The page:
Jubilee’s sterling record in health
The Jubilee government has successfully implemented the health promises it pledged to the people of Kenya, a recent Health ministry was told.
In the manifesto, Jubilee pledged to provide free maternity services at public hospitals, make healthcare accessible to the people, equip hospitals and set up county referral hospitals.
President Uhuru Kenyatta announced the free maternity programme immediately he came to office. At the same time, he directed that children below the age of five get free medical services in public hospitals.
The free maternity services, the ministry symposium was told, have resulted in a 61 per cent increase of the number of women delivering in public health facilities. The number of mothers delivering in public health facilities has gone up from 665,000 in 2013 to 1,079,000 now.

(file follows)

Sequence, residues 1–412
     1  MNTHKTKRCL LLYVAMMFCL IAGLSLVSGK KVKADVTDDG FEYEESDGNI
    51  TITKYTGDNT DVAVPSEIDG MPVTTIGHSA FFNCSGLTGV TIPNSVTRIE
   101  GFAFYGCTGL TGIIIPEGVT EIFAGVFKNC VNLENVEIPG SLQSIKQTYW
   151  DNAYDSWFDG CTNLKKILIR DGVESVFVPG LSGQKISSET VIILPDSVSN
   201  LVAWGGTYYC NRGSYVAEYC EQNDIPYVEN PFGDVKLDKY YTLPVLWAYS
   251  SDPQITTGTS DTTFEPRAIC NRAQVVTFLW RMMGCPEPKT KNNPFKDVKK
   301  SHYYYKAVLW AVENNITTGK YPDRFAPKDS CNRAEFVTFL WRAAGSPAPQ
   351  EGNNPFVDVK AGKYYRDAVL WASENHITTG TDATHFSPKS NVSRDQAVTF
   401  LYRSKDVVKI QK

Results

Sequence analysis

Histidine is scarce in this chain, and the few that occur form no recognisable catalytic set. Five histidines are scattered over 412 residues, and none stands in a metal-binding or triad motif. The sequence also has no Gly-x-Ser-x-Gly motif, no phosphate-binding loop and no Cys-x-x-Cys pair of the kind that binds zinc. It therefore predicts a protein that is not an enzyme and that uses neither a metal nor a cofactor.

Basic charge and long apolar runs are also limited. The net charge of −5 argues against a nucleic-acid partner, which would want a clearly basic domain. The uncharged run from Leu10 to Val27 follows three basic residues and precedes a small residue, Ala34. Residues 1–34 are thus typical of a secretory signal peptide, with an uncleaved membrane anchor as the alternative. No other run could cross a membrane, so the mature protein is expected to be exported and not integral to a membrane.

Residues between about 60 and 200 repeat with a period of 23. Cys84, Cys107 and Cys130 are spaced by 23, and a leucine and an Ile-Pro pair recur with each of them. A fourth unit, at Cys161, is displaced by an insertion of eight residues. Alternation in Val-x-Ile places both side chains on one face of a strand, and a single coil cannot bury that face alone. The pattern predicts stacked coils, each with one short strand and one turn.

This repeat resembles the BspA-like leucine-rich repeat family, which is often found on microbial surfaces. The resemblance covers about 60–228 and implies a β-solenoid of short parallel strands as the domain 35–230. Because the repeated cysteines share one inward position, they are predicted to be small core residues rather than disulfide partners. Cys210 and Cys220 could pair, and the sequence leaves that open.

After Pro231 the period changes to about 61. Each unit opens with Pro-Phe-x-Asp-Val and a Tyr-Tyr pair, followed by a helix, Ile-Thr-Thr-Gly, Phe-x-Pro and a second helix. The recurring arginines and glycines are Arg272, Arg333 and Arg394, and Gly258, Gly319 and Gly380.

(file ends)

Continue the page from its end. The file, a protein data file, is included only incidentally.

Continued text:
In turn, the number of maternal deaths has reduced by 2000 a year.
By increasing access to vaccines, mosquito nets, HIV medicines and better nutrition for children, the Jubilee Government has achieved a remarkable reduction in infant deaths by 20,000 and under-5 mortality by 33,000 deaths annually.
HIV prevalence rate has reduced from a high of 13 per cent to 5.6 per cent as a result of prevention, care and treatment.
The ministry has also surpassed Kenya’s global target in the reduction of TB as a result of 90 per cent success in treatment. Detection of TB has improved, making it possible to identify 82,000 new cases before they get critical.
Another score for the government is the Managed Equipment Scheme that has been rolled out to improve specialised access to health services in every county. So far, six hospitals have received all the equipment in the programme.
‘Nexus’ is the Government Newsroom that communicates transformation
30 Nov 2015
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